Video Essentials

Houses of Worship Give Thanks for Live Online Video Streaming

Sandy Thailing had a problem: As a volunteer with Hillcrest Covenant Church in Prairie Village, Kansas, he needed to expand the worship experience beyond the doors of the church to a satellite location about twenty miles away.

“We began using Blue Valley Middle School’s gymnasium about three years ago,” said Thailing, “We needed to coordinate a joint service between this location and the Prairie Village location, which had been in continual use since 1961.”

Thailing shared his insights during a panel at the WFX worship technologies conference in Atlanta, Georgia, during a panel entitled “Expanding Your Reach through Streaming Media: Why and How.”

To coordinate worship teams in both locations, Hillcrest used an instant messaging service. Hillcrest next added live video switching and video capture — but he didn’t start using live streaming right away.

“We went from a five-person volunteer crew, led by one part-time employee, to a 55 person volunteer crew and one full-time staff member,” said Thailing.

Hillcrest didn’t begin live video streaming for the Blue Valley congregation, which had been growing over its first two years, but to serve a larger community that was interested in the church’s message.

“When we started into streaming, we chose QuickTime Streaming Server [QTSS] for simulcasting between both sites, as well as to multiple locations within the original Prairie Village site,” said Thailing.

“Unfortunately, QTSS, as a whole, had stability issues and lacked some critical features like DVR capability for time-shifting the minister’s message,” Thailing added.

Hillcrest then turned to Wowza Media Systems, largely for its network DVR (nDVR) functionality.

“We’d picked the Makito from HaiVision, which let us send out both a high and a low bitrate stream,” said Thailing,

For Hillcrest, the high-end was a 720p stream at 3 Mbps, while the low-end was a 480p stream at 1.5 Mbps.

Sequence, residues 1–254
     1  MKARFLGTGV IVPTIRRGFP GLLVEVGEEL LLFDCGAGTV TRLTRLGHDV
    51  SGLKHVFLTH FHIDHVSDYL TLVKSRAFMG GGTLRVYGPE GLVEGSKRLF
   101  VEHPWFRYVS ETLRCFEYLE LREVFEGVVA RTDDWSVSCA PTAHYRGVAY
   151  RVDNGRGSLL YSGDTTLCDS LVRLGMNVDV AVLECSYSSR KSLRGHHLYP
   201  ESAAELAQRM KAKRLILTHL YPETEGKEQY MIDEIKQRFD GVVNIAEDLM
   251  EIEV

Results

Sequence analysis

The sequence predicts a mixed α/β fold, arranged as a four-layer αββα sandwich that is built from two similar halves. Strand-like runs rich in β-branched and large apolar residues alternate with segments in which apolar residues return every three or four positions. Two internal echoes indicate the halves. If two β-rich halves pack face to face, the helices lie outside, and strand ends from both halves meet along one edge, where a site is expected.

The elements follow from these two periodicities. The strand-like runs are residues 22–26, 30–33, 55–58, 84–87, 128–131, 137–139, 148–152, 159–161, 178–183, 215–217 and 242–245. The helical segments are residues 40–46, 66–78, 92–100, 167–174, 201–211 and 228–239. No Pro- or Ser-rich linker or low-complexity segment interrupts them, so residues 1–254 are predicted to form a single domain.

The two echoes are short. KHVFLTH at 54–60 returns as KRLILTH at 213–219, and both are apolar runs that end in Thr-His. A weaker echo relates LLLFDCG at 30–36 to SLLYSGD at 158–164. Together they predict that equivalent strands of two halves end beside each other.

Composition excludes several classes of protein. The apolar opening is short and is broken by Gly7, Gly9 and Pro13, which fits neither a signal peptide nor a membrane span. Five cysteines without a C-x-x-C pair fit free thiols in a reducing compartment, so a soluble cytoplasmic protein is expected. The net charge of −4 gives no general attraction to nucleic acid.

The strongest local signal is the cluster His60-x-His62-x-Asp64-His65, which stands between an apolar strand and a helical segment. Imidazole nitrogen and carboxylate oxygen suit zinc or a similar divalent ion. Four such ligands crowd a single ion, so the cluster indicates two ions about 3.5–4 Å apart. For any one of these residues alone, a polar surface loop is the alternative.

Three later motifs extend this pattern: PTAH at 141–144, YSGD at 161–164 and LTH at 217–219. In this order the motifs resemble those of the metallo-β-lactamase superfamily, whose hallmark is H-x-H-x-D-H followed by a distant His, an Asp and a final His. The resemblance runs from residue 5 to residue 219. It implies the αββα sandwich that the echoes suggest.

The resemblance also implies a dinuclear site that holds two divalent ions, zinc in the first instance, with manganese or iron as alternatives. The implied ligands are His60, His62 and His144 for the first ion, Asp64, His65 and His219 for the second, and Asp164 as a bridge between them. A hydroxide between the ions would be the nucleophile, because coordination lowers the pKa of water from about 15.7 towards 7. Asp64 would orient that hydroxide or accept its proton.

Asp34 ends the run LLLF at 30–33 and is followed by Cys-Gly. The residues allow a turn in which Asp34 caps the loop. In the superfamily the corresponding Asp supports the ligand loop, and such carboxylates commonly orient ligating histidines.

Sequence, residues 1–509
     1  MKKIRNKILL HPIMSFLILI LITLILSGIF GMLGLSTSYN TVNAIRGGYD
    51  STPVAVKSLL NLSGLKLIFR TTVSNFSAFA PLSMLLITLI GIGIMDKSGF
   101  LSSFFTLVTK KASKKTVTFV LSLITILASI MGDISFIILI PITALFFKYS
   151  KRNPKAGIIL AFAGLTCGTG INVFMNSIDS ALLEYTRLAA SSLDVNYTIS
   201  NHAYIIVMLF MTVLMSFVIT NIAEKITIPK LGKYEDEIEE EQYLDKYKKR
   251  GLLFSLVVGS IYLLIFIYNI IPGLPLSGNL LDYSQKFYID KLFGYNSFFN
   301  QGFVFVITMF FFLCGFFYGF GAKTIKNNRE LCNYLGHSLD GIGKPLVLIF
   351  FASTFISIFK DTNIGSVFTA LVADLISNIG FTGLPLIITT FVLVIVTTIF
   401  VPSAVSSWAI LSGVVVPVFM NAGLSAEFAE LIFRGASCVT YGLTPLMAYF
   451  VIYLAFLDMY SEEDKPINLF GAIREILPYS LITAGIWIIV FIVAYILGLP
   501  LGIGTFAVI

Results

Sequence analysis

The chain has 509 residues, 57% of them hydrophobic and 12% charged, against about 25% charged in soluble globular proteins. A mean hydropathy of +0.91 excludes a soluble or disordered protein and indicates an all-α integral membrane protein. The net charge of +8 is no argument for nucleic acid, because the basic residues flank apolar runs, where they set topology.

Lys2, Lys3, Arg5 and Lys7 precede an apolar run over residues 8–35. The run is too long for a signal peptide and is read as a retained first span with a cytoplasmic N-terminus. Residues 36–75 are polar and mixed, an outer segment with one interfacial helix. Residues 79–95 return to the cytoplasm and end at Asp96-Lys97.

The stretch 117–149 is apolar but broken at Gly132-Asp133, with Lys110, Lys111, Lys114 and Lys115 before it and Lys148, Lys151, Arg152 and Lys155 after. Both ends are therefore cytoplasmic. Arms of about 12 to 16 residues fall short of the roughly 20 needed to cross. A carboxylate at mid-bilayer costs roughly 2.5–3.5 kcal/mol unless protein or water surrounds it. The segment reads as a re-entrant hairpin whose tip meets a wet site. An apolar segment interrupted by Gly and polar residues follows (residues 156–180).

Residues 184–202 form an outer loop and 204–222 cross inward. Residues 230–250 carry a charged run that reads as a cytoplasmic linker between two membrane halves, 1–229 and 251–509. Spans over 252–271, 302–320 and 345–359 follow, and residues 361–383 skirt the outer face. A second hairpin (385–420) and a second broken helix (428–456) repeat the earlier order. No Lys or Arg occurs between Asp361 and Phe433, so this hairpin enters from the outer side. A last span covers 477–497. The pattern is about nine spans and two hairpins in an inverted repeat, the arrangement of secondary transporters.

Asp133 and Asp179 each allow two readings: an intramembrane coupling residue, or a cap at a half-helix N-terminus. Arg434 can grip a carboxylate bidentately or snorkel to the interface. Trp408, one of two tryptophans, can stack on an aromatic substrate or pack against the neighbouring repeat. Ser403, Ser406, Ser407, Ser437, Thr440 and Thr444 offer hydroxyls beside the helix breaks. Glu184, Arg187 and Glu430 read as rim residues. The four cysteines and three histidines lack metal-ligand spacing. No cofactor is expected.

“Various formats are pushed from our Wowza server, including streams to iOS devices, three flavors of desktop players — QuickTime, RealPlayer, and Flash — as well as a Roku-compliant stream,” said Thailing.

The church now uses a streaming-specific website — — to deliver both the live streams and on-demand content. While the Wowza Media Server was fairly easy to set up, Thailing was thankful to have the help of a professional consultant.

“I’d worked with Ian Beyer at Resurrection Church,” said Thailing, referring to another Kansas City-based house of worship that had satellite locations. “I called Ian to help set up the strings and customize the solution for Hillcrest.”

Beyer now runs a company called Nerd Herd, Inc., which specializes in houses of worship. He recommends Wowza products, among others. Beyer and Chris Knowlton, a vice president at Wowza Media Systems, also spoke on the WFX panel.

In the end, Hillcrest encountered both expected and unexpected results.

“The expected result, based on the Wowza platform, was the ability to deliver multi-platform streams,” said Thailing. “Unexpected results were pleasantly surprising: not only did we have more users online each week, we also had greater numbers in the physical locations.”

After a local nursing home showed the stream live for a few Sundays, the residents requested a way to view it on a larger screen. Thailing and his team, along with Nerd Herd’s Beyer, created a Roku channel for the nursing home to use. That channel has resulted in more than fifty shut-in and nursing home residents participating in the service.

“We know it’s effective because our senior minister’s brother — who is wheelchair-bound and lives in another state — can now text his brother immediately after the morning service and offer, shall we say, constructive criticism,” said Thailing.


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